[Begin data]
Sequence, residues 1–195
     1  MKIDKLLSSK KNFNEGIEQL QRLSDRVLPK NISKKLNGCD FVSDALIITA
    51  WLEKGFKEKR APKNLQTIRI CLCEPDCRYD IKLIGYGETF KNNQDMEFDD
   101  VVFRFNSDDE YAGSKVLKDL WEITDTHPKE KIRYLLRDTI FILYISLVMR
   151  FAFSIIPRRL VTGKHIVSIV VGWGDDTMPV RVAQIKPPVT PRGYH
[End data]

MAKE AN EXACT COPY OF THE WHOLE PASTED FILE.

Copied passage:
Sequence, residues 1–195
     1  MKIDKLLSSK KNFNEGIEQL QRLSDRVLPK NISKKLNGCD FVSDALIITA
    51  WLEKGFKEKR APKNLQTIRI CLCEPDCRYD IKLIGYGETF KNNQDMEFDD
   101  VVFRFNSDDE YAGSKVLKDL WEITDTHPKE KIRYLLRDTI FILYISLVMR
   151  FAFSIIPRRL VTGKHIVSIV VGWGDDTMPV RVAQIKPPVT PRGYH